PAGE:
It is imperative that adoptive and foster families offer connection, support, and strength to one another. Life’s biggest problems feel a little less burdensome when we have people who truly “get us”. This felt sense of safety is most palpable when we engage with someone in the same situation or “boat” as ourself. There are many ways to accomplish divorce-family-picturebuilding a community, and some ideas may include the following:

When you meet a new adoptive or foster family or run into a fellow adoptive parent, ask them how they are doing. And ask with your full attention —be mindful and respectful, fully engaged only in the conversation with the other person. So many times adoptive and foster parents feel alone . . . when you are fully present with them, it helps them to feel heard and connected to you.

Refrain from judging anyone. This is a big one! So many families feel judgment all around them: at their child’s school, daycare, Sunday school class, at family functions, in the neighborhood. Be the non-judgmental ear others are seeking.

Do not assume that other families are doing okay if the parents are smiling or do not complain. Many families are suffering in silence.

Be honest with yourself and others about your current situation. The fact is— all families go through times of burdens as well as times of blessings. The more honest you are and voice what you or your family needs, the more it enables others to be available for you.

If you meet a adoptive or foster parent who is not involved in a group, invite them to join your group. Share your resources and wisdom.sad mom

If your family is having a hard time, ask other families for resources. Accept any help they may propose, from several hours of respite to a cooked meal

Give one another hope and strength. If your family is in a good place, reach out to another family. Share your hope, your comfort, your story, and any other need you can fulfill for them.

Don’t forget to click on the FOLLOW BLOG VIA EMAIL button on the top right side of the page to get updated posts and information on upcoming groups for kids, teens, and parents!

book-pictureCarol Lozier is a therapist, author, and blogger specializing in trauma; and adoptive and foster kids, teens, and adults. Ms. Lozier is in private practice in Louisville, KY.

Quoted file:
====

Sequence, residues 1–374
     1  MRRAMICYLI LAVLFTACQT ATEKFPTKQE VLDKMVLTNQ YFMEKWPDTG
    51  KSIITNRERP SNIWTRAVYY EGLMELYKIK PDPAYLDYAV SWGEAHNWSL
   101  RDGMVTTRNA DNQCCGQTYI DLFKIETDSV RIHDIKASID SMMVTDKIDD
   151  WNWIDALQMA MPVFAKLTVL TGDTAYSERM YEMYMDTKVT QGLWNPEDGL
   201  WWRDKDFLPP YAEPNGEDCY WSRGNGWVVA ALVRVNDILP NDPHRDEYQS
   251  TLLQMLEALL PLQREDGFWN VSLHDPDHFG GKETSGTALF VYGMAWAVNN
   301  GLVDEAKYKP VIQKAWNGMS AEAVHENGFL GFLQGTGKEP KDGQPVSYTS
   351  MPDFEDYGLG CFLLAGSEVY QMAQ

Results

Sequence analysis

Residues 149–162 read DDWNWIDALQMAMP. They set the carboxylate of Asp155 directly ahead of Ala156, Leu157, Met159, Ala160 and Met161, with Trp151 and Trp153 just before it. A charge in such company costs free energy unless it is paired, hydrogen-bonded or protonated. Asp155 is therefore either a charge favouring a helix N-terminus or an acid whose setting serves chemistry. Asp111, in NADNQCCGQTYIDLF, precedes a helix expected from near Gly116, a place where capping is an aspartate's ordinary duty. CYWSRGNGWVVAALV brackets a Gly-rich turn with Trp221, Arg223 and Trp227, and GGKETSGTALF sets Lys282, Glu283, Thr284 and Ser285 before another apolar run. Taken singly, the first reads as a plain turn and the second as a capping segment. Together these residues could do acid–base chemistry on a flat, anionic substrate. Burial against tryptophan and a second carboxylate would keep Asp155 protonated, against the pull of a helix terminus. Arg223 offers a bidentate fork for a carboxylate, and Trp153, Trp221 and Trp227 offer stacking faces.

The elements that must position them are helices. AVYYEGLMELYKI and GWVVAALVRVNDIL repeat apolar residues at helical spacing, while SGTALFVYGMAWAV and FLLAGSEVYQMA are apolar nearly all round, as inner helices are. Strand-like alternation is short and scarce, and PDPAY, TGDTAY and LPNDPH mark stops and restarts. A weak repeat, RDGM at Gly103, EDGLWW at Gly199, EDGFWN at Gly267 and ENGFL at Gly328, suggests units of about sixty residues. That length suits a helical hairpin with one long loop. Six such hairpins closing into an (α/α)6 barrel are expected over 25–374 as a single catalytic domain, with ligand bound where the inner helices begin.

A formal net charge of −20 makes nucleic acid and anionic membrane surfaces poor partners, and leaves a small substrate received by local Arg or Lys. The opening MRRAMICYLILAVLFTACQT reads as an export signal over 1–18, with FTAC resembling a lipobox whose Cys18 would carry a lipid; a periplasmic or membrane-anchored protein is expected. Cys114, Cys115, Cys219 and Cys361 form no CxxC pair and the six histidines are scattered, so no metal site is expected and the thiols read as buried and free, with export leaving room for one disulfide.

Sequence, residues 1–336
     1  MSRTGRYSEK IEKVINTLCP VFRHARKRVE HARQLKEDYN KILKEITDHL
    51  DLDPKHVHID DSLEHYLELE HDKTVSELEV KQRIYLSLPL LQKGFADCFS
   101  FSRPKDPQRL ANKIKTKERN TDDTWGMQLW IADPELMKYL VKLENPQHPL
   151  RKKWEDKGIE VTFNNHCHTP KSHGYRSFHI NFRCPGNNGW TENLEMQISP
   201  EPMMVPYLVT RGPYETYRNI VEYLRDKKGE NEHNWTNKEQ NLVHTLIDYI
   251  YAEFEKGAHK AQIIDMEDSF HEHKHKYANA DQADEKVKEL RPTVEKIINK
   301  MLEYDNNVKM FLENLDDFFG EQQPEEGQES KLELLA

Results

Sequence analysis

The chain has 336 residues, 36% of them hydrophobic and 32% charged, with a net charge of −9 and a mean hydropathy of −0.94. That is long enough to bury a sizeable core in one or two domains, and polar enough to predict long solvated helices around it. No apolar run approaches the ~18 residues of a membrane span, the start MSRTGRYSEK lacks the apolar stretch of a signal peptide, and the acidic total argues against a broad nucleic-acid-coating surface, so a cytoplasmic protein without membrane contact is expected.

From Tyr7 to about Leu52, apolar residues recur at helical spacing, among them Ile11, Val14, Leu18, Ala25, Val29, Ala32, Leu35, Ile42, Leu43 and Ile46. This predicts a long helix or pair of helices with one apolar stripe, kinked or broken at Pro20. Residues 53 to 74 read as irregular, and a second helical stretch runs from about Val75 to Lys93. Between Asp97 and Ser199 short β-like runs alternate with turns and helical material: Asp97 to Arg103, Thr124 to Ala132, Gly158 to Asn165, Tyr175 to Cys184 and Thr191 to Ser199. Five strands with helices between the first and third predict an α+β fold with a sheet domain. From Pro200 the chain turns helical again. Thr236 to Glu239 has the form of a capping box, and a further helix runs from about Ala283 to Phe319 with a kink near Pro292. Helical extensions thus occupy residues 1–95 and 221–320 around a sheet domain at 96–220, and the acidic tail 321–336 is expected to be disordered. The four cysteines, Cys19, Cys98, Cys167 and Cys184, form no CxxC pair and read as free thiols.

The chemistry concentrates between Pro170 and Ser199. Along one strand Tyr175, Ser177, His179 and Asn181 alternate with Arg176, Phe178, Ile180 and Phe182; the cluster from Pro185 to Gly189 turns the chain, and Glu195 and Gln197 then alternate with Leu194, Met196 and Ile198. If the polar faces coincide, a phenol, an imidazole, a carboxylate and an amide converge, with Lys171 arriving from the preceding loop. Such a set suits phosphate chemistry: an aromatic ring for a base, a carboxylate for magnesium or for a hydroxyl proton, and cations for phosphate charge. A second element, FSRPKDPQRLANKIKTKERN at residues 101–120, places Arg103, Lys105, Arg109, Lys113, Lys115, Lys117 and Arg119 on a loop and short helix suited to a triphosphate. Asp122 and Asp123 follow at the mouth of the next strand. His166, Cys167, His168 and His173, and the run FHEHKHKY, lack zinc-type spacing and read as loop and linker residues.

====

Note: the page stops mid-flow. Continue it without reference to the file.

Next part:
Selecting A Therapist for Your Foster or Adopted Child

Selecting A Therapist for Your Foster or Adopted Child

Many parents begin to seek counseling as soon as their child comes home while other families may not see a need arise until a later time, such as adolescence. (I would strongly suggest finding a therapist before there is a critical need for one.) For most families, finding a therapist can be a challenging task especially if there are not trauma informed therapists nearby. This post hopes to give parents some direction on choosing a counselor for their family.

therapist,righttimeThere are many factors to consider from insurance and office location, to the therapist’s degree and training. All of this may seem confusing coupled with the many academic degrees that therapists may hold. Most clinicians will be happy to answer parent’s questions as they go about finding the best fit for their child and family.

Below is a list questions parents can ask the prospective therapist:

1. Do you have a Masters degree (or above) in a counseling related field? Counseling related fields can include but are not limited to: psychology, social work, and marriage and family therapy. It is imperative that your therapist hold at least a masters degree in their field. (By the way, the terms “counselor” and “therapist” are interchangeable and generic ,and do not indicate a particular educational background. The term “social worker” does indicate the person holds a degree in social work but this is not always the case, and therefore, I would encourage you to ask what degree they have received.)

2. Do you have a license to practice independently? Each state and degree has different requirements but a license indicates the therapist passed state boards which indicates experience and competency in their degree.

3. When did you complete your counseling degree? It is preferable for the therapist to have graduated more than five years ago. Of course, counseling is an art and the more years of experience the therapist has, the more likely they are to be adept in their profession.

4. Are you in network with my insurance? If a therapist is IN Network with your insurance, that indicates he or she has a contract to provide services at a particular rate agreed upon with the insurance company. In this case, you would only be responsible for your portion as indicated by your health care policy. To be on the safe side, talk to your insurance therapist.child2company prior to your appointment and find out your benefits, ie: deductible, copays, coinsuance, and out of pocket max. Also, double check with the therapist to ensure they are still in network with the company. I’ve had a difficult time getting my name off panels that I haven’t been on for over 10 years . . . just because the providers name is on the list, doesn’t ensure they’re still on the panel.